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A petition organized by Columbia professor Ehsan Yarshater surfaced challenging the University’s current candidate for the position of the Ibrahim Pourdavoud Professorship in Persian Studies.The petition, which has been taken down, argued that having the name of Pourdavoud, a pioneer in the field of pre-Islamic Iranian studies, meant that the professor who occupies the Pourdavoud Chair should continue his work in the field of pre-Islamic studies.
Five members of the Class of 2015 have been awarded Scholars in the Nation's Service Initiative fellowships by the Wilson School, allowing them to pursue two-year Master in Public Affairs degrees at the Wilson School in preparation for careers in the U.S.
A new seminar course, AMS 339: Religion and Culture: Muslims in America, will be offered next semester and has already become overenrolled with interested students.
In December 2009, the University drew criticism when it fired then-Associate Dean of the College Frank Ordiway ’81, who oversaw postgraduate fellowship advising.
Kwame Anthony Appiah, currently the Laurance S.
Katie Dubbs ’14 and Anastasya Lloyd-Damnjanovic ’14 were awarded Sachs Scholarships. Dubbs received the Sachs Global Scholarship and will spend next year studying in Vienna, Austria, and Lloyd-Damnjanovic won the Sachs Scholarship to study at Worcester College, Oxford.
Following their first interviews this past Saturday, both received a phone call from a committee member on Sunday morning asking them to head to Frist Campus Center to answer additional questions.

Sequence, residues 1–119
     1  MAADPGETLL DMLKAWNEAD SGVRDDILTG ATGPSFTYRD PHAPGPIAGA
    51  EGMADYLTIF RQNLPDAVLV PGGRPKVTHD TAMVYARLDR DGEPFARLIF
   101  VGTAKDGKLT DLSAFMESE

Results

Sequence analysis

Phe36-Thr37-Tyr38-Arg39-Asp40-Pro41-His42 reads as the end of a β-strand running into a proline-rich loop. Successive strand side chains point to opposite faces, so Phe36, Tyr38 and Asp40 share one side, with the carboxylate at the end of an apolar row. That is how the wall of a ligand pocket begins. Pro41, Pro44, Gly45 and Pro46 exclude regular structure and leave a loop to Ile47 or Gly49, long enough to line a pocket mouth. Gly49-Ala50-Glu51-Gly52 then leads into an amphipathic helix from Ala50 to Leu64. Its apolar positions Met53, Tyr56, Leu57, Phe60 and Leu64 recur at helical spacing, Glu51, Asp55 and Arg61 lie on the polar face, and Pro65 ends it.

Though McGraw Study Hall remains a popular academic-help resource, with 5,800 student visits recorded by the McGraw Center in the last academic year, its popularity has also been a source of dissatisfaction for some students because of the overcrowding and shortage of student tutors.
According to data collected by the McGraw Center, in the 2012 fall semester, 62 tutors regularly worked one shift a week, and in spring 2013, only 59 did so.
Despite the entrance of the first non-selective class of undergraduate Wilson School majors this year, similar interdisciplinary majors at Yale University are not currently considering similar alterations to their application processes.Like the formerly selective Wilson School’s old application process, the Ethics, Politics and Economics major and the Jackson Institute for Global Affairs major require prospective students to apply during their sophomore year.
Members of the faculty discussed the possibility of creating a University-specific alternative to Coursera, as well as the proposed creation of a new committee to oversee the continuation of online courses, on Monday at the December faculty meeting.Philosophy professor Gideon Rosen noted that the University is free to explore options outside of Coursera in order to avoid conflicts of intellectual property, such as whether the material is owned by Coursera, the University or the professors teaching the courses.In one alternative to Coursera, he said, the University can “invest considerable resources in developing [its] own proprietary platform.” He added that some members of the computer science department are interested in helping out.“I must say that developing our own proprietary platform gives me nightmares,” University President Christopher Eisgruber ’83 replied.Eisgruber currently sits on Coursera’s board of advisers.The new committee would be called the Faculty Advisory Council on Teaching and Learning, and it would not only vet the online courses but would also be responsible for monitoring them and their procedures, Rosen explained.The committee could also expand the work of the Faculty Committee on Grading by leading a campus-wide conversation on the most effective methods of assessment, according to documents circulated at the meeting detailing the potential committee’s duties.